New Perspectives: Artists Reflect on Loss and Discover Humanity

Onsite Program

March 13, 2022 3:30pm - 4:30pm

Journey into the In America: Remember art installation through conversation on Jamie Meltzer's new short documentary, not even for a moment do things stand still.

Event Details

Join artist Suzanne Brennan Firstenberg and filmmaker Jamie Meltzer for a discussion about Texas connections and contributions to In America: Remember, a powerful memorial that was installed on the National Mall in 2021. The duo's new film, premiering at SXSW, explores the COVID-19 art installation, dropping into intimate moments of people honoring their loved ones, and exploring the role of mourning and closure during an unfolding tragedy that has impacted all Americans.

Program is FREE to the public.

Educators, to receive CPE credit please email

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About the Presenter

Jamie Meltzer is a documentary filmmaker and the Program Director of the M.F.A. Program in Documentary Film at Stanford University. His recent documentary short, Huntsville Station (2020, co-directed with Chris Filippone), screened at SXSW and at Berlinale, and was nominated for an IDA Award and a Cinema Eye Honor. His documentary feature, True Conviction (Independent Lens, 2018), a co-production of ITVS and the recipient of a Sundance Institute grant and a MacArthur grant, premiered at the Tribeca Film Festival where it won a Special Jury Mention. Informant (2012), about a revolutionary activist turned FBI informant, was released in theaters in the US and Canada in Fall 2013 by Music Box Films and KinoSmith. Previous films include: Off the Charts: The Song Poem Story (Independent Lens, 2003), about the shadowy world of song-poems; Welcome to Nollywood (PBS Broadcast, 2007), an investigation into the wildly successful Nigerian movie industry; and La Caminata (2009), a short film about a small town in Mexico that runs a simulated border crossing as a tourist attraction.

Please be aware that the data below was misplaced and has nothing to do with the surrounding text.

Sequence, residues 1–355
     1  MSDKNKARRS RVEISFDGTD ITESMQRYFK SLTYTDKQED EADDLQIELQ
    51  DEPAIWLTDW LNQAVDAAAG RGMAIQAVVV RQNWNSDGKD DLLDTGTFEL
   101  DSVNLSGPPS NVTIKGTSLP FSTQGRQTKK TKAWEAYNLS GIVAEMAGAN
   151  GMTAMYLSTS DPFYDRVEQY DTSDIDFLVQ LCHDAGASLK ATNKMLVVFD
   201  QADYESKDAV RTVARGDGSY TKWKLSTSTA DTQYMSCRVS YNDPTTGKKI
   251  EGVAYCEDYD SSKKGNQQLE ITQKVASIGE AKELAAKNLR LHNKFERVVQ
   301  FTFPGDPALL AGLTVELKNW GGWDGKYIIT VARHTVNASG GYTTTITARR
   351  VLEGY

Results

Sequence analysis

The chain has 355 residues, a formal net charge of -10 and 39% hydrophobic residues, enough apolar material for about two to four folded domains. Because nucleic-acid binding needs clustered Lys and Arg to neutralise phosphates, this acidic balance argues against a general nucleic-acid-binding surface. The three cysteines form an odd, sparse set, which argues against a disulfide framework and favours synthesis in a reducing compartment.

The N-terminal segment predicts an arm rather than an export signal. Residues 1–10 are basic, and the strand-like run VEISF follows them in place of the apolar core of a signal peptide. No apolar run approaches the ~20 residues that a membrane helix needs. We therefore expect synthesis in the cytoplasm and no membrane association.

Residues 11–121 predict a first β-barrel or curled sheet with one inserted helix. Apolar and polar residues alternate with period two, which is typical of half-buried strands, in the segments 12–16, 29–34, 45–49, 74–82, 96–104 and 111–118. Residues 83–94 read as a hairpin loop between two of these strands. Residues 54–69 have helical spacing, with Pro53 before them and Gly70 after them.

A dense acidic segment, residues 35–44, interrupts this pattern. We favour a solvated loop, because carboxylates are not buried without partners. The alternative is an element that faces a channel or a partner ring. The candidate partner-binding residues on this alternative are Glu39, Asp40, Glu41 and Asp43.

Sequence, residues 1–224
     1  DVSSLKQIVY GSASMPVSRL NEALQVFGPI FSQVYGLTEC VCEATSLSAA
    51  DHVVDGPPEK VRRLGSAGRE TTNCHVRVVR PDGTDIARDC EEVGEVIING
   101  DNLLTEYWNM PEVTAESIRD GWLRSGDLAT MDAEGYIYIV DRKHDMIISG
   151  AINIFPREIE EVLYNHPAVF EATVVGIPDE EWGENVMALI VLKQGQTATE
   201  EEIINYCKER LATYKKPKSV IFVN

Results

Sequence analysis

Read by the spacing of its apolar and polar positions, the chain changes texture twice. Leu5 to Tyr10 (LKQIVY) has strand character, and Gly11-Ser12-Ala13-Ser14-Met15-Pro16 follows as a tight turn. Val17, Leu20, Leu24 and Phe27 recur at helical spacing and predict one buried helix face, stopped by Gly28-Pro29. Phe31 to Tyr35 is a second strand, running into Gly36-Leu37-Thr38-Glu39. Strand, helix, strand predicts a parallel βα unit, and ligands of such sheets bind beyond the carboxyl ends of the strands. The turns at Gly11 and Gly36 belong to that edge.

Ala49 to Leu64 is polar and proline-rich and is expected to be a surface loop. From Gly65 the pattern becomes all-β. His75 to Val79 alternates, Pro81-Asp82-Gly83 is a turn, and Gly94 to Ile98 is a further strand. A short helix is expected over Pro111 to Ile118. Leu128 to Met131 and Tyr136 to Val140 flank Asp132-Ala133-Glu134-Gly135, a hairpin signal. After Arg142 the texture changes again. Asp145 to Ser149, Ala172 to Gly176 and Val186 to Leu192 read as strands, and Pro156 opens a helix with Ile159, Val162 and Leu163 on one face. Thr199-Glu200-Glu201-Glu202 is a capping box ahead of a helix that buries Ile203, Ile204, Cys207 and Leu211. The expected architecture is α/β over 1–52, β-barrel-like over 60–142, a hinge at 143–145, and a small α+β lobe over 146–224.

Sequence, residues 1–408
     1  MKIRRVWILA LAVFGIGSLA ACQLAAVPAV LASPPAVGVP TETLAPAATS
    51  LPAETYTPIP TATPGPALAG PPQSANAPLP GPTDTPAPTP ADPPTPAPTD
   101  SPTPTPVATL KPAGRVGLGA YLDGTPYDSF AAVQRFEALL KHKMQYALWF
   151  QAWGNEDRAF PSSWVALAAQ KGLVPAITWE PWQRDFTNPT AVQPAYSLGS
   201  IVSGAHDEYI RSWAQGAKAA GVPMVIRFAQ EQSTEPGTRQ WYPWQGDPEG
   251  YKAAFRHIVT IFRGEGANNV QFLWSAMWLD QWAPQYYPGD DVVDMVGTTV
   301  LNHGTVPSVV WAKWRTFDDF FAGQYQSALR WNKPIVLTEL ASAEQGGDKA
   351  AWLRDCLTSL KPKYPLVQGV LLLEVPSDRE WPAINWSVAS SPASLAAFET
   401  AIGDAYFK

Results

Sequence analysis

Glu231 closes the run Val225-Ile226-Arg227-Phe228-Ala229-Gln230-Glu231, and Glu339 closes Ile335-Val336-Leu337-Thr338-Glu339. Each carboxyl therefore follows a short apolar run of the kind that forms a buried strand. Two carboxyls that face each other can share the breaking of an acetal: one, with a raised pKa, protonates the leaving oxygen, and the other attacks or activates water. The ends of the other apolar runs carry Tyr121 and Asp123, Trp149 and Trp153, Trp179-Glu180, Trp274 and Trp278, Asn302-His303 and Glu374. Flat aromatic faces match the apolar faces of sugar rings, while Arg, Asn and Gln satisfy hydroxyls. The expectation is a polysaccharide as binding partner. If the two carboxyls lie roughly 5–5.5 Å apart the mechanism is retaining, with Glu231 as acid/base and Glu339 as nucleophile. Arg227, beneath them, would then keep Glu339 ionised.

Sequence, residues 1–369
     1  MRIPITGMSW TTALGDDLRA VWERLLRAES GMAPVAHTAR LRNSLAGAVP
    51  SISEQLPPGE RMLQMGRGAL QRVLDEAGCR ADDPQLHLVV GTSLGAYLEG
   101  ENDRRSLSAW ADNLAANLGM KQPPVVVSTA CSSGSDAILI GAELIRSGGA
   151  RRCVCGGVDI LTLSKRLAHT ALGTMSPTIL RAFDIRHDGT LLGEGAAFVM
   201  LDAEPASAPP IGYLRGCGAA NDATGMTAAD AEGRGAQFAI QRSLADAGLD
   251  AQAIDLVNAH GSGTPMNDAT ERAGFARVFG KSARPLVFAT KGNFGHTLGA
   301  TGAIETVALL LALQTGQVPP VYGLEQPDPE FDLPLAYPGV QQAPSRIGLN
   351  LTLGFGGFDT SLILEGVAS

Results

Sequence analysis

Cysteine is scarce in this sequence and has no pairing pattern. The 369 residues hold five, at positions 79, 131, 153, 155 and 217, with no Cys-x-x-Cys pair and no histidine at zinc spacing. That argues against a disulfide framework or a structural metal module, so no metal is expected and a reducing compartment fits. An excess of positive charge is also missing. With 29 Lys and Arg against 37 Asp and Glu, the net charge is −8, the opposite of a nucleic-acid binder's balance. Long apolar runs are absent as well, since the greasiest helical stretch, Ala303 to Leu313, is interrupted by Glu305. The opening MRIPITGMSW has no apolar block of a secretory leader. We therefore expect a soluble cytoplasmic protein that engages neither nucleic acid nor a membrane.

Suzanne Brennan Firstenberg spent her childhood in the Black Hills of South Dakota. She lived in Kentucky and Puerto Rico before earning an MBA and working in pharmaceutical new product development. Arriving in Washington, DC, she worked as a special assistant in the United States Senate. For balance, she has volunteered with the terminally ill for over two decades. She began her artistic career in 2010. In 2017, Firstenberg traveled thousands of miles, interviewing hundreds of people suffering or recovering from drug addiction. Her resultant seven-installation art series, The Empathy Fix Project, explores why individuals become addicted to drugs and inspires a more empathetic response.

In Fall, 2020, Firstenberg created an installation, ultimately composed of 267,000 white flags, at the DC Armory Parade Ground to make visible the human toll of the continuing pandemic. Images of In America: How Could This Happen… were viewed in news reports on six continents. In September, 2021, Firstenberg reprised this installation, blanketing 20 acres of the National Mall with white flags in an art exhibition entitled In America: Remember. Almost 20,000 people actively participated by dedicating individual white flags to their loved ones lost to COVID. This art was mirrored in the digital space providing access to Americans across the country. The installation was the largest public, participatory art exhibition on the National Mall since the AIDS Quilt.

Portions of both In America installations will live on in the Smithsonian Institution’s permanent collection. Images of this art will accompany reports of the pandemic for years to come.

About Public Programs

Public programs at the Bullock Museum explore relevant history and celebrate the culture that has shaped our modern world. Through engaging discussions, performances, and scholarship guests are invited to see local connections and discover how Texas fits into a broader national story.

Banner image courtesy 

This program is made possible with funding from Humanities Texas and the National Endowment for the Humanities (NEH) as part of the federal ARP Act.

The Bullock Museum, a division of the Texas State Preservation Board, is funded by Museum members, donors, and patrons, the Texas State History Museum Foundation, and the State of Texas.